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Friday, March 21, 2014

 

Caffeine Enhances Memory Consolidation

Caffeine appears to have an enhancing effect on memory consolidation, a new study suggests.

For the study, published online January 12 in the journal Nature Neuroscience, 160 healthy volunteers were shown 200 pictures of different everyday items and asked questions about them. They were then given a pill containing 200 mg caffeine or a placebo.

The next day, the participants were given a surprise memory test. They were shown another set of pictures, some the same as before, some new items, and some similar but slightly different.

Those individuals who had taken the caffeine were better able to discriminate the new items and were more likely to detect that the similar items were different from those viewed the day before, senior author Michael A. Yassa, PhD, Johns Hopkins University, Baltimore, Maryland, and University of California, Irvine, told Medscape Medical News.

"My message from this study is that if, like me, you have a coffee habit, and drink several cups a day, this is another reason not to stop it," he commented." But it may not be enough to persuade someone who doesn't drink coffee to start, especially if they are highly reactive to its stimulant effects."

Asked whether these findings have any implications for Alzheimer's disease, Dr. Yassa said, "Our study cannot speak to that but other data from our institution in elderly people has suggested that a moderate caffeine intake is associated with better longevity and a reduction in Alzheimer's disease. This could potentially be a similar mechanism."

Dr. Yassa is planning further brain imaging studies on the effect of caffeine in patients with mild cognitive impairment.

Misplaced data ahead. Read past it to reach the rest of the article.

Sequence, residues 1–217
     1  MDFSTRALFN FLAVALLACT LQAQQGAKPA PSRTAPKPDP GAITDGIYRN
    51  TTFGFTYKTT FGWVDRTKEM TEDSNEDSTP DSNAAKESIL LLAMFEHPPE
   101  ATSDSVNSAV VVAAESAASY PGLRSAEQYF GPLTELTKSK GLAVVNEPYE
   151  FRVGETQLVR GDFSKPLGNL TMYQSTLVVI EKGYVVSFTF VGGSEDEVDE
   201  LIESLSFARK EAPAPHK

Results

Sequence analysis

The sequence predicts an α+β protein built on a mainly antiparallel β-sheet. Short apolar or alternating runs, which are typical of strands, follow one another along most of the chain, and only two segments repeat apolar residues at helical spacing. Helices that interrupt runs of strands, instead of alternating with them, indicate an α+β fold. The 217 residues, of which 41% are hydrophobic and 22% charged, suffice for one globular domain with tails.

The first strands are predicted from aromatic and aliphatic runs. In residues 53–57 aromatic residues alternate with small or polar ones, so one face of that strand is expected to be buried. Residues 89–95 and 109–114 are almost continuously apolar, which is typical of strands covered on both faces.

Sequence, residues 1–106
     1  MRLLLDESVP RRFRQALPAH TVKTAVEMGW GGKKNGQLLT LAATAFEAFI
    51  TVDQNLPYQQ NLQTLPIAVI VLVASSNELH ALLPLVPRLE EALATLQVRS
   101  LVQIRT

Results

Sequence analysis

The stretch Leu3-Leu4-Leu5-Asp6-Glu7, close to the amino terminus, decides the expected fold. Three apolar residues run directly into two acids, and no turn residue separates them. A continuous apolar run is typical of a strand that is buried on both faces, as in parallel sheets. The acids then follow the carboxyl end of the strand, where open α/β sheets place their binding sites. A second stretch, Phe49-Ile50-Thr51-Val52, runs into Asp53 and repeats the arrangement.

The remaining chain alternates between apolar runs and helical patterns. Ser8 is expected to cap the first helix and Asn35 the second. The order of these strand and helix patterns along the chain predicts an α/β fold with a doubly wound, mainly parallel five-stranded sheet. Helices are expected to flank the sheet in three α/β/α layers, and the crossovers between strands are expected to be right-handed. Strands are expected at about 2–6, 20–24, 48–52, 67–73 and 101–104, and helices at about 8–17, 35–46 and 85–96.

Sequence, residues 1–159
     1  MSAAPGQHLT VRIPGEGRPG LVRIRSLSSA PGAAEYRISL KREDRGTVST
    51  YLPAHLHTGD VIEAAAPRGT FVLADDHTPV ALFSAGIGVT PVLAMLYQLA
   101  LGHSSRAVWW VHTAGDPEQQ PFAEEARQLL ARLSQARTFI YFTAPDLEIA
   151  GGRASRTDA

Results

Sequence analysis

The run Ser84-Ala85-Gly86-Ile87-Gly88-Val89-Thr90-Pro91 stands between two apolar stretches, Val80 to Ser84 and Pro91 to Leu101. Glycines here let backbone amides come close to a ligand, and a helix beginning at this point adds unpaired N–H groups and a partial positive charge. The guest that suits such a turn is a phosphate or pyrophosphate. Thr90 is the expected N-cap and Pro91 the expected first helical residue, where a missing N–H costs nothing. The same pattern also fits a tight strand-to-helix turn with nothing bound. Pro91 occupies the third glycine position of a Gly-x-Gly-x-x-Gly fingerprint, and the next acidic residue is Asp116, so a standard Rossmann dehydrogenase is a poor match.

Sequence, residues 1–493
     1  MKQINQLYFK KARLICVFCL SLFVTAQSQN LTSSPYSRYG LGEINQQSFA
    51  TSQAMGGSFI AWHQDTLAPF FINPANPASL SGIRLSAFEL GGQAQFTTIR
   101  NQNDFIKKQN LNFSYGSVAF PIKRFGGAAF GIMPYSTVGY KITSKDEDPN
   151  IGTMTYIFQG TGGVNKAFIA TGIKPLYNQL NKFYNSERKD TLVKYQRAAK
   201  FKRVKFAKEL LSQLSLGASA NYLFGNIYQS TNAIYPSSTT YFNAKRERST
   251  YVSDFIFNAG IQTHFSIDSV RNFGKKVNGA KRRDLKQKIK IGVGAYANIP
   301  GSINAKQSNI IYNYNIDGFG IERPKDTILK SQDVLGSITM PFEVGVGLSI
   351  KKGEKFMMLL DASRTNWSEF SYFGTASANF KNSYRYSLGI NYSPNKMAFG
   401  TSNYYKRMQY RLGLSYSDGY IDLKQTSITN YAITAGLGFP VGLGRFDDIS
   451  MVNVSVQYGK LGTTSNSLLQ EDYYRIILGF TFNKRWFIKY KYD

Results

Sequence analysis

Moderate Dose Best

Participants in the study were not regular coffee drinkers. It was stipulated that they should consume less than 500 mg of caffeine each week (about 2 to 3 cups of coffee). But most actually consumed significantly less than this, only around 70 mg, Dr. Yassa noted.

In an additional study, the researchers looked at whether there was a dose response. They found no effect with 100 mg and equal effect with 200 mg and 300 mg. But the 300-mg dose was associated with more adverse effects, such as headache and nausea.

The results indicate "an inverted U-shaped dose-response curve suggesting that moderate amounts of caffeine (200 mg) may be the most effective at enhancing memory with no significant benefit at higher doses," the authors report.

Caffeine levels in saliva were quantified at 4 time points: at baseline, at 1 hour after caffeine/placebo intake (when levels peaked in the caffeine group), at 3 hours (when they had dropped again), and at 24 hours later (to make sure participants hadn't consumed any more caffeine).

Other studies in humans looking at coffee and memory have shown inconclusive results, but previous studies have generally given caffeine before the test so it is difficult to separate effects on memory and effects on alertness, Dr. Yassa said. "In our study, because caffeine was given after the initial viewing of the items, the effect is more likely to be due to memory rather than alertness," he added.
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